Search The Archive

Search form

Collection Search
Date: May 18th 1917
Arthur Edmond Southworth

As you will see I am back in this man's town. I sent a card a few days ago telling you what had happened, and no doubt you have received it before this. I am getting along fine here, but I must say it was rough in patches over on old Vimy. We had been there so long, we knew just where to look for Fritz, and we sure found him. We went out to our advance trench or what is better known as the 'jumping off trench,' at 10 p.m. Easter Sunday, and were there all night until 5:30 Monday Morning. It was the worst night I have ever put in. It would rain awhile, then snow awhile. Then Fritz would see some of us and send up his artillery signals and open up on us for a while. At 4:30 one of the officers came along the trench with the rum and I took a dandy and by 5:30 I was all nerve. As soon as our artillery barrage opened up, away we went, and all you could see was smoke, Fritz running and some whole ones, but mostly pieces of them, going up in the air. A person would naturally think that the very life would be frightened out of a fellow, but fear never enters your mind. All you look for is go ahead and blood. You just go insane and that is all. The noise of the artillery and the bursting shells get you going. I never want you ever to go through what I have this winter, especially on the 9th on Vimy, for it was a hell on earth, and I am very lucky to be here to-day. I got in one place where the whole bunch was cleaned out but me and I had to crawl from shell hole to shell hole, to find some more fellows and thus get at the Huns again. I got mine after about three hours' of fighting, and I threw off everything and started back and I made it.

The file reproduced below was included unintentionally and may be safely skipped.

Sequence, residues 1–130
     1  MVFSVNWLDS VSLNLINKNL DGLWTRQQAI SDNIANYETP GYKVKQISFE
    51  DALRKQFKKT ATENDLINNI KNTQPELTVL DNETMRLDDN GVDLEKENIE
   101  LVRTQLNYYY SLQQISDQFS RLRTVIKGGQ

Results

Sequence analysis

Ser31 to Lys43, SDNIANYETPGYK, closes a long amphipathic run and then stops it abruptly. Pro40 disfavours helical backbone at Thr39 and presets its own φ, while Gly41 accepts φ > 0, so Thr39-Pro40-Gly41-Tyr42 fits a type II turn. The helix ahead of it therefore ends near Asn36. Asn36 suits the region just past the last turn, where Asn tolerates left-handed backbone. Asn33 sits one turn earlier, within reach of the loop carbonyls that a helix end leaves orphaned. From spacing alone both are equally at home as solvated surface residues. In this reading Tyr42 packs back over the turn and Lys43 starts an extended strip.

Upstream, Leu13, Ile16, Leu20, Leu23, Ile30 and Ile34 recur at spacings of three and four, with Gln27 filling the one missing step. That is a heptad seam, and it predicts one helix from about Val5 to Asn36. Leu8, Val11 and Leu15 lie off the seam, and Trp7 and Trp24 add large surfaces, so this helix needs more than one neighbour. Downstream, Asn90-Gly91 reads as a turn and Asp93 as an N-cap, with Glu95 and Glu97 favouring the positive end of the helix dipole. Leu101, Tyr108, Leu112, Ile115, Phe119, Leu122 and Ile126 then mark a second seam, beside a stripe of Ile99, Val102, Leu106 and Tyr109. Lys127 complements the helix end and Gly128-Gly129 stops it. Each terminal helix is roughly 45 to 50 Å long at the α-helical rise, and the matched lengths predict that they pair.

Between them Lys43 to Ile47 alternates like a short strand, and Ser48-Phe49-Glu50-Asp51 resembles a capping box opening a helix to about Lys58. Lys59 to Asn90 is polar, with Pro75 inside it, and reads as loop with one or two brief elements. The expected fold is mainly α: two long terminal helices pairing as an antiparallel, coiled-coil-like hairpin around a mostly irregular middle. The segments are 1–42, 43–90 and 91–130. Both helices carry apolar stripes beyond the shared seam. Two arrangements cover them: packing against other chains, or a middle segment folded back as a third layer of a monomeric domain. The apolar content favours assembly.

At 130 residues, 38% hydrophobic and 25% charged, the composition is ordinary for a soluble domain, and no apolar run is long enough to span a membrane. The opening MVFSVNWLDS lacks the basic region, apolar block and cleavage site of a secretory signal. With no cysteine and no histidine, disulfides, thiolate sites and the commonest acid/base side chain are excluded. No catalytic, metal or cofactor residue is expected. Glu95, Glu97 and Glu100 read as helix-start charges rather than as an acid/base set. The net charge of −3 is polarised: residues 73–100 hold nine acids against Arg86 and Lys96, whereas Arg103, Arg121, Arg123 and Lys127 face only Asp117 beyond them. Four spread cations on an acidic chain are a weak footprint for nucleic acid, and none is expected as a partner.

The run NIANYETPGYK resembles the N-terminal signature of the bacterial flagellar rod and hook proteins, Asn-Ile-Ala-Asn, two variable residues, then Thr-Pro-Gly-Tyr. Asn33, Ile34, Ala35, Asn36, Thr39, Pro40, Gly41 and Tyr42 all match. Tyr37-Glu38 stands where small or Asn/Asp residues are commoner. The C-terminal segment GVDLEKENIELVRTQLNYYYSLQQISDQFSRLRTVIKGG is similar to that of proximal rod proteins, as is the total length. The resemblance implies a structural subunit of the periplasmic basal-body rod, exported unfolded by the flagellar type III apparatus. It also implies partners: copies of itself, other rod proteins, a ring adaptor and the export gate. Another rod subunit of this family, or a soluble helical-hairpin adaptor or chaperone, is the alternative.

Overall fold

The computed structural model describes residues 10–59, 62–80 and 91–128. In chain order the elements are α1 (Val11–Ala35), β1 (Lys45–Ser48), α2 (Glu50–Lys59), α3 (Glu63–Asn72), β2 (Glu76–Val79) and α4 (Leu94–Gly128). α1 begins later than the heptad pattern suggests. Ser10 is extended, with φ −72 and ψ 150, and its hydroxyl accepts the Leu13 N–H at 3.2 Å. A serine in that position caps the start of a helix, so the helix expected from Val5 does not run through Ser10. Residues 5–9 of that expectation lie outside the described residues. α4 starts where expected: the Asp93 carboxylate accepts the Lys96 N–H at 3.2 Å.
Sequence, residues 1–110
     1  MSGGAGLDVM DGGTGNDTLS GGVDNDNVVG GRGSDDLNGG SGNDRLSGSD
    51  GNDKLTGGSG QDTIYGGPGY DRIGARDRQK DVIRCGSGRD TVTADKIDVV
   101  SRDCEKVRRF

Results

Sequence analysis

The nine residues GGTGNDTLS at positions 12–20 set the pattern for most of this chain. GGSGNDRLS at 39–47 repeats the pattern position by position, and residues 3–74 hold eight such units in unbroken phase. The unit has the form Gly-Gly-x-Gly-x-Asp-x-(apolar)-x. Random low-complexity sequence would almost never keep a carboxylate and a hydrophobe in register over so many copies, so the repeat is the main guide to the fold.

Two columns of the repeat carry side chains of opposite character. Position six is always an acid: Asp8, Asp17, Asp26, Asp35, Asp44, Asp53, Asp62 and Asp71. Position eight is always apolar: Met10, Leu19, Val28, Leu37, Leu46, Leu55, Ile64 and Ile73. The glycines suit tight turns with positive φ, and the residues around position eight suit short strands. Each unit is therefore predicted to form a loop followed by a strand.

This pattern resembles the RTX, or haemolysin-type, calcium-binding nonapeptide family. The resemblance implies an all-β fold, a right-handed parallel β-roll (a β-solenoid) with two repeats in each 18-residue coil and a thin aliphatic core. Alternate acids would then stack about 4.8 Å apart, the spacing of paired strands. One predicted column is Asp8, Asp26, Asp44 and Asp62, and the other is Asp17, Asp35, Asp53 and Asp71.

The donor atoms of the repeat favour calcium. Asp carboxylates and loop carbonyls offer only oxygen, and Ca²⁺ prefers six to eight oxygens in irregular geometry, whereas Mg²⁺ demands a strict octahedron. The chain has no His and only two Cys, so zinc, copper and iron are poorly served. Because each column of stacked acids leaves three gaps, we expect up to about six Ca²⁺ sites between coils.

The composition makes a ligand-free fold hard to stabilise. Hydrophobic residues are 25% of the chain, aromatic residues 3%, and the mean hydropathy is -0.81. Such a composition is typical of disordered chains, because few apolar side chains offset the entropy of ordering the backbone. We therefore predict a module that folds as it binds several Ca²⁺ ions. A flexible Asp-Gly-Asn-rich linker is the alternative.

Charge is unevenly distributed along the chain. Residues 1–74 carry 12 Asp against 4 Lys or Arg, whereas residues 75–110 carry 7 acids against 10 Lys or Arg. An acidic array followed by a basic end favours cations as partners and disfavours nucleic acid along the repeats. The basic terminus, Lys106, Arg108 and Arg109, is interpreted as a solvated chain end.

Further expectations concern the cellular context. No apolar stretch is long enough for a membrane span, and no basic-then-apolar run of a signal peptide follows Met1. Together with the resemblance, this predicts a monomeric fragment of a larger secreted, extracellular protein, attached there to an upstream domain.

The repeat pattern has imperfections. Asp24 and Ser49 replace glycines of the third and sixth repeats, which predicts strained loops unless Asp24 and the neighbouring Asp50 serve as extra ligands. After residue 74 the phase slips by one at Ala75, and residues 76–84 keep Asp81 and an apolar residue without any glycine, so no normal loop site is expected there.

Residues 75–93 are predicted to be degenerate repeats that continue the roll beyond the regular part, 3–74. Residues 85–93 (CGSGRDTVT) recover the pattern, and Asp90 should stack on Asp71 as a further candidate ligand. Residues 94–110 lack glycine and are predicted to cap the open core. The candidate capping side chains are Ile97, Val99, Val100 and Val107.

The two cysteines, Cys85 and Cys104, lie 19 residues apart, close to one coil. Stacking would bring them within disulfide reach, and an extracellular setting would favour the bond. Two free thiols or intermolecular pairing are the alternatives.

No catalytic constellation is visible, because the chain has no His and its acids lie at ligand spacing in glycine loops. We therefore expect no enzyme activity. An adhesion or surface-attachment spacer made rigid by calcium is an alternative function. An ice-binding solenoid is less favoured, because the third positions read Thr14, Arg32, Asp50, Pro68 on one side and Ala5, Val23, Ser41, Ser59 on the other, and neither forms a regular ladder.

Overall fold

I do not mind the loss of my eye, but I am well pleased to save my life. Well this will have to do for to-day. Write soon.